When you are assigned a class and students arrive, do you view yourself as a teacher, instructor, or educator? Is your role a function, one which completes tasks and responsibilities, or do you aspire to accomplish more with your students? Do you consider the instructional strategies you use now to be transformative in some manner, or would you like to somehow transform the students you teach?
A person enters the field of education as a profession, either full-time in a traditional academic institution or as an adjunct (or part time) instructor. A traditional full-time professor may likely be responsible for conducting research, teaching, and publishing scholarly work. An adjunct instructor may teach in a community college, traditional college, or an online school. When someone teaches students within the field of higher education, he or she may be called a facilitator, instructor, or professor. This is important as you won’t find a job title with the word educator in it.
Does this mean that everyone who is a teacher, professor, instructor, faculty member, or adjunct, is also an educator? What I have learned through my work in higher education is that everyone who is in one of these roles is doing their best to teach and guide a learning process, whether they are involved in undergraduate or graduate degree courses. However, someone who considers themselves to be an educator is a person who goes beyond the role of teaching and seeks to lead a transformational learning process. I have learned myself that becoming an educator is not an automatic process. It takes time, practice, and dedication to become an engaging and transformative educator.
A Basic Definition of a Teacher
Teaching is generally associated with traditional, primary education. Classes at this level are teacher-led and children as students are taught what and how to learn. The teacher is the expert and directs the learning process. Universitas Swasta di Bandung A teacher is someone highly trained and works to engage the minds of his or her students. This style of teacher-led instruction continues into higher education, specifically traditional college classrooms. The teacher still stands at the front and center of the class delivering information, and students are used to this format because of their experience in primary education. The instructor disseminates knowledge through a lecture, and students will study to pass the required examinations or complete other required learning activities.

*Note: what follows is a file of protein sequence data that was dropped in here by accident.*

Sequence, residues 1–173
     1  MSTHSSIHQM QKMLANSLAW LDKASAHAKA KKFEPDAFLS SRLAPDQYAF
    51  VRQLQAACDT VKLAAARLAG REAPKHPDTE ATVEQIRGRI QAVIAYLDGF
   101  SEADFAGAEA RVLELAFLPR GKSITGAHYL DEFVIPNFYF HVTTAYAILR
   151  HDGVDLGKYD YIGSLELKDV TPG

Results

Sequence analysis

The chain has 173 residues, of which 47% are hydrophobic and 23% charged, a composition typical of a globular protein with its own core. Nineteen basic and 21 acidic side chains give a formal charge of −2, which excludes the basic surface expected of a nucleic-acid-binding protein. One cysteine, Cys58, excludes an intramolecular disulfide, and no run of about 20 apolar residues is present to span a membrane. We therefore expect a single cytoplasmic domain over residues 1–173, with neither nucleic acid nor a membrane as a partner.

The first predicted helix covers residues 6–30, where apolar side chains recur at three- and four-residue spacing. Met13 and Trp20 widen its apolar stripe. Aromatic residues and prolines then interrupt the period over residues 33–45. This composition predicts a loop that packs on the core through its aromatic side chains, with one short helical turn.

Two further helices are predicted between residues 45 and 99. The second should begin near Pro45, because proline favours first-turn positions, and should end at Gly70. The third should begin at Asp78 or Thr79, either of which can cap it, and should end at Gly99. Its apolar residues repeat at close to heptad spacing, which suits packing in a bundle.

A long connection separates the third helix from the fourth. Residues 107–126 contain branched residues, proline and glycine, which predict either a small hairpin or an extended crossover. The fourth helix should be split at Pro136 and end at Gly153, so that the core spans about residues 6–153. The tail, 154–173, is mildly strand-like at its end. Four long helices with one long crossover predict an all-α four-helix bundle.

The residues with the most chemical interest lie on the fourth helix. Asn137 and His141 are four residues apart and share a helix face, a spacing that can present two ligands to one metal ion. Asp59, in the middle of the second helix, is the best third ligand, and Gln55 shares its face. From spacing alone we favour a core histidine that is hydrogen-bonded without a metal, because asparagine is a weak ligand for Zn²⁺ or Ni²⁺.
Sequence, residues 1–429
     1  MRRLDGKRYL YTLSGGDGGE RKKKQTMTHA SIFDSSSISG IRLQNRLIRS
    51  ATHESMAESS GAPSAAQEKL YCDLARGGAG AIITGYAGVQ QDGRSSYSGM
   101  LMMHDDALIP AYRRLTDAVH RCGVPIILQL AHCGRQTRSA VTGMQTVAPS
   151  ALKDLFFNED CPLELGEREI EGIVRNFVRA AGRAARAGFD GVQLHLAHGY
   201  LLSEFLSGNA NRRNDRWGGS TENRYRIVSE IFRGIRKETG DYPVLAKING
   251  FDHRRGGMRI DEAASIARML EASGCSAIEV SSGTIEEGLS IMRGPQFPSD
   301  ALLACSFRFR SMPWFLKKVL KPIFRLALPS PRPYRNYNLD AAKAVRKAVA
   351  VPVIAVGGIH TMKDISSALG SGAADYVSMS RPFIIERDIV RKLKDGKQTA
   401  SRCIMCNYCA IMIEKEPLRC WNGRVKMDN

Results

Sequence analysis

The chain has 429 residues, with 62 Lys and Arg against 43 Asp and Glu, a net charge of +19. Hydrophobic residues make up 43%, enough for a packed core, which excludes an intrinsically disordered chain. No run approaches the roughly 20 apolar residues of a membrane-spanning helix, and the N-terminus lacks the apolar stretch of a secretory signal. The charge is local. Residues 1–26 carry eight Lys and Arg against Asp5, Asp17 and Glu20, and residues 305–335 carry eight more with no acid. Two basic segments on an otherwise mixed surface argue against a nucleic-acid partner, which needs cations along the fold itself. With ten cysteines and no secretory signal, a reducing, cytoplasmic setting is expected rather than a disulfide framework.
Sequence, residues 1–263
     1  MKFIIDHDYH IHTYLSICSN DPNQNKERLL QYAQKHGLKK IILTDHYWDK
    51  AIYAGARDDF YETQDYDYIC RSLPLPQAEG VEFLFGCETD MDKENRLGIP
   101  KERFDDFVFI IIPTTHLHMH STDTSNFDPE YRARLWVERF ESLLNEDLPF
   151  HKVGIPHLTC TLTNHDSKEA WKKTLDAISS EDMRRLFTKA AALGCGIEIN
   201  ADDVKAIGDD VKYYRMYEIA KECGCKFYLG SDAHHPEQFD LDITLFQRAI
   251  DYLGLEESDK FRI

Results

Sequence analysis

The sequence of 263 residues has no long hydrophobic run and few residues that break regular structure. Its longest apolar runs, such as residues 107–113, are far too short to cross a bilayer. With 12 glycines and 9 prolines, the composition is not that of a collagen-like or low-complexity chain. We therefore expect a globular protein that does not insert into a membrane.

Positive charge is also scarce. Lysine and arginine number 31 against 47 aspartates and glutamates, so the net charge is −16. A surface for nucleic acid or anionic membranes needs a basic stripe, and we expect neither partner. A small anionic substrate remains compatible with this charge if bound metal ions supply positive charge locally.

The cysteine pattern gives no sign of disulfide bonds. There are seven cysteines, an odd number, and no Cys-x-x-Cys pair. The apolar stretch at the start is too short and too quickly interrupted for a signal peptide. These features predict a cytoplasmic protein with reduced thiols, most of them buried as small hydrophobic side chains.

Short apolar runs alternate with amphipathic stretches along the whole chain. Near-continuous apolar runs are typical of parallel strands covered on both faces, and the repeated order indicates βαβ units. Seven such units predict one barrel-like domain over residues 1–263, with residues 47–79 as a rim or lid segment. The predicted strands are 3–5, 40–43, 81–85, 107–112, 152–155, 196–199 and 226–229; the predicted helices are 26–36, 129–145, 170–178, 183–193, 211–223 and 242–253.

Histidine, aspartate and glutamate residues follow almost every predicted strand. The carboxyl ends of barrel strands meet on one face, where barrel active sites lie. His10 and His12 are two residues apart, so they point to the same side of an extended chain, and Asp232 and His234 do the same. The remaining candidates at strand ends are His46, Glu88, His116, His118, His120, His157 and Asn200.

Within higher education, teachers may be called instructors and they are hired as subject matter experts with advanced content or subject matter expertise. The job requirements usually include holding a specific number of degree hours in the subject being taught. Teachers may also be called professors in traditional universities, and those positions require a terminal degree with additional research requirements. For all of these roles, teaching is meant to signify someone who is guiding the learning process by directing, telling, and instructing students. The instructor or professor is in charge, and the students must comply and follow as directed.
Here is something to consider: If this is the essence of teaching, is there a difference between teaching and educating students? Is the role of a teacher the same as that of an educator?
Basic Definitions of an Educator
I would like for you to consider some basic definitions to begin with as a means of understanding the role of an educator. The word “education” refers to giving instruction; “educator” refers to the person who provides instruction and is someone skilled in teaching; and “teaching” is aligned with providing explanations. I have expanded upon these definitions so the word “educator” includes someone who is skilled with instruction, possesses highly developed academic skills, and holds both subject matter knowledge, along with knowledge of adult education principles.
• Skilled with Instruction: An educator is someone who should be skilled in the art of classroom instruction, knowing what instructional strategies are effective and the areas of facilitation that need further development.